Twilight wander through the Olympic Park

I still don’t understand the Westfield-Olympic Park retail gulag – just can’t process what it is. This sign and the plans for the new ‘east village london E20′ is making my cognitive dissonance even worse – should I be excited by the emergence of a whole new area of London rising out of the marshes just down the road? But why do feel a combination of fear, horror and anger.

I got drawn along the inspiring and imaginatively named Westfield Avenue towards the expansion of this miniature Singapore.

The new mega-ghetto is this high-rise block of student apartments. Clearly the student rental market is a more lucrative investment than when I moved to a terraced house just off the Romford Road in Stratford at the end of the 80’s when landlords were actively discouraging student tenants.

The cynical suspicion that ‘east village E20′ is being set up as a privately-controlled outpost of transient, well-off, passive consumers with MBAs rather than ASBOs is offset by this glorious view north across the top of the Velodrome to a dark smudge of distant hills.

Although there is a steady trickle of traffic, the fact the footpath is fenced off starts to make me feel as if the way isn’t formally open to pedestrians. This makes me even more determined to push on towards Hackney Marshes.

Soon there are not even bollards to separate me from the 4x4s who seem to be enjoying the smoothness of the newly laid tarmac a bit too much for comfort. A voice with a strong African accent calls out, ‘Excuse you can’t walk here’. It is a female security guard in her hut. ‘You need to go back the other way – I am worried for your welfare’. I take her careful advice. Beyond the hut there was not even a kerb to tightrope walk along, and the light was all but gone.

The park looks far from finished, and I shared a joke with the security guard that the the summer opening may take place in November but that they’ll call it ‘late summer’ somehow, like calling the new suburb ‘east village’. Whatever they call it, and whatever they build – the once mighty River Lea couldn’t care less, it’s just waiting for a chance to reclaim the marshes.

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Bathroom proto window garden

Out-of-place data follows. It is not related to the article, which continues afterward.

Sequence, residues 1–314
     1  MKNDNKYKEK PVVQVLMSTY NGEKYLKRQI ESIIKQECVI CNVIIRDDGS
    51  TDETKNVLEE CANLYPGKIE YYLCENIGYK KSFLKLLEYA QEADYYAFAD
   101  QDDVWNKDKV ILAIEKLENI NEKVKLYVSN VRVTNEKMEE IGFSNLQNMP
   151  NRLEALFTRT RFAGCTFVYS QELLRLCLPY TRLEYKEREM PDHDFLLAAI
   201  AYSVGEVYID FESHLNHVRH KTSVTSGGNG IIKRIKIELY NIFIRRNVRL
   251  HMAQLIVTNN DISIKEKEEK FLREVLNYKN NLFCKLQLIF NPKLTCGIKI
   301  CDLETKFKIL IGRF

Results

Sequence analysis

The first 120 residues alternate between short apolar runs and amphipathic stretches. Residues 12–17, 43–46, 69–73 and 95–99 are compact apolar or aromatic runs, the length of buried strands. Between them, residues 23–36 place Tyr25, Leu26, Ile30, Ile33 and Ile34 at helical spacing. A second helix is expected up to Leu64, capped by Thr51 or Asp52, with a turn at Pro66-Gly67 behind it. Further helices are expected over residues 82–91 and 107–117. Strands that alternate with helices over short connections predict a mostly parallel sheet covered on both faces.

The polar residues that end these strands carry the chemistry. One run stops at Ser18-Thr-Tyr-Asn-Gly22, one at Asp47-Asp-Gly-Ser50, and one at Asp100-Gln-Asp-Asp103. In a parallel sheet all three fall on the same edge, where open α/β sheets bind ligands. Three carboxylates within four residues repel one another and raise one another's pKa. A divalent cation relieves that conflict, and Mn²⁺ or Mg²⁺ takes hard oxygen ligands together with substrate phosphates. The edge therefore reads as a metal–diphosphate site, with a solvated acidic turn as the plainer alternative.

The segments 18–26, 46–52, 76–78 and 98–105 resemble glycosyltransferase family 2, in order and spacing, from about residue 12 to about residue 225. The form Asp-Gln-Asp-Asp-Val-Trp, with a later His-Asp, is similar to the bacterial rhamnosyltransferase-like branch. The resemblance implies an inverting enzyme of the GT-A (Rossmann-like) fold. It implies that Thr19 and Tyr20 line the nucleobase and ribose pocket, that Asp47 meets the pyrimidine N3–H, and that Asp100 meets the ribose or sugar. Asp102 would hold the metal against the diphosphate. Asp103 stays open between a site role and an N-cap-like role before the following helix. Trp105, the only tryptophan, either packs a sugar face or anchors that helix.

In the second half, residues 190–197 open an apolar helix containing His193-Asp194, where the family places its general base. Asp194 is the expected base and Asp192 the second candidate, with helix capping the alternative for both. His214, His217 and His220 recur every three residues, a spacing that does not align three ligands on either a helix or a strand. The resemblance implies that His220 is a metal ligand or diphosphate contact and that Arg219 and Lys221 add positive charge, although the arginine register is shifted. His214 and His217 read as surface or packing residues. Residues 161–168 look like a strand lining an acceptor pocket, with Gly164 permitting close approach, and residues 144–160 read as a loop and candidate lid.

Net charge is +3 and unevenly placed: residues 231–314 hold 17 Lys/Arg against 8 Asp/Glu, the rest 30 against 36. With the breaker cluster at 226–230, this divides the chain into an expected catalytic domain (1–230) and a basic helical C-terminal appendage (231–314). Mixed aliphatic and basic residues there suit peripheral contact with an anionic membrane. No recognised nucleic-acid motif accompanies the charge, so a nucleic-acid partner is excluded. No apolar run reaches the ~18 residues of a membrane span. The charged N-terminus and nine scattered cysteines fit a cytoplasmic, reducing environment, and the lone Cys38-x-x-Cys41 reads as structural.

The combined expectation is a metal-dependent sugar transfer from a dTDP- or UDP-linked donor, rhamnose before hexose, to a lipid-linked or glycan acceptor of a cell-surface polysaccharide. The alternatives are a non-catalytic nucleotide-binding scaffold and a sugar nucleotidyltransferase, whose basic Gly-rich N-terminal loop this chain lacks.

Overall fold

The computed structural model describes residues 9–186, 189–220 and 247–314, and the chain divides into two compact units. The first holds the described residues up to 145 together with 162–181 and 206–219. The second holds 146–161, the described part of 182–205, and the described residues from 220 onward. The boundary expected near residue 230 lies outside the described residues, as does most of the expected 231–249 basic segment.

I started growing some sweetpeas from seed by the window in the bathroom – and they seemed to like it there compared to the monsoon conditions outside.
I love the idea of a window garden, but it always seemed slightly ridiculous when you have an actual garden with a lawn and trees and fox poo. It seemed synonymous with Dalston Hipsters and annoying oversized bicycles on the Overground.
However the sweetpeas (which are now clearly dying) and the rain have changed my mind. Although those preposterous bikes on the train are still a pain in the arse.

Aussie Psychogeography podcast

ABC Australia has beaten the BBC to producing a podcast devoted to the practice of psychogeography. I haven’t listened to it yet so can’t pass comment just yet on the content but at least they took the plunge.
Here’s their blurb:
“All in the Mind takes you on an extraordinarily ordinary journey across the mental and physical terrain of a big city. For many the ideal method of urban travel is straight out of Star Trek—teleporting. But in the 21st century city there are flaneurs and commuters savouring their journeys, on foot and by bike. They’re taking in the smells and sounds of back alleys, recalling emotional memories at intersections and celebrating stacks of shipping containers. Join us on a ‘psychogeographical’ adventure, and discover the impact of the city on your psyche.”
Download the podcast here

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psychogeography and the High Wycombe terror suspects

Psychogeography and the High Wycombe terror suspects
We’re exploring the meaning of the recent arrests in High Wycombe in the context of the town’s sense of place and our personal connection to it.

In November 2004 we did a derive workshop with a group of local school children which at one stage took us through Kings Wood where the police are now searching for evidence of bomb making equipment. 18 months ago the associations of this wood, through the eyes and minds of young teenagers was one of adventure, exploration and discovery of wildlife and flora and debris from an old burnt out car. We met dog walkers who were happy to stand and chat and the children were happy and familiar leading the party around an environment which was obviously a regular playground. How quickly the perceptions of place change.

One question we’re asking is to what extent is the presence of religious extremism in the town (supposing the allegations are correct) somehow in keeping with its heritage of religious dissent. Wycombe was a Lollard and Quaker stronghold for many years (Quakers still meet in Wycombe) and in their day they were viewed by the State in almost the same way that Islamic militants are today. This is not drawing a direct comparison in terms of beliefs or methods, or drawing a direct parallel between dissenters and what we now call extremists, it’s searching for historic symmetries between current events and echoes from the past.
Click here to read some further thoughts on psychogeography, autotopography and the terror suspects. We’d be keen to know what you think and we’ll continue to add updates as we get them.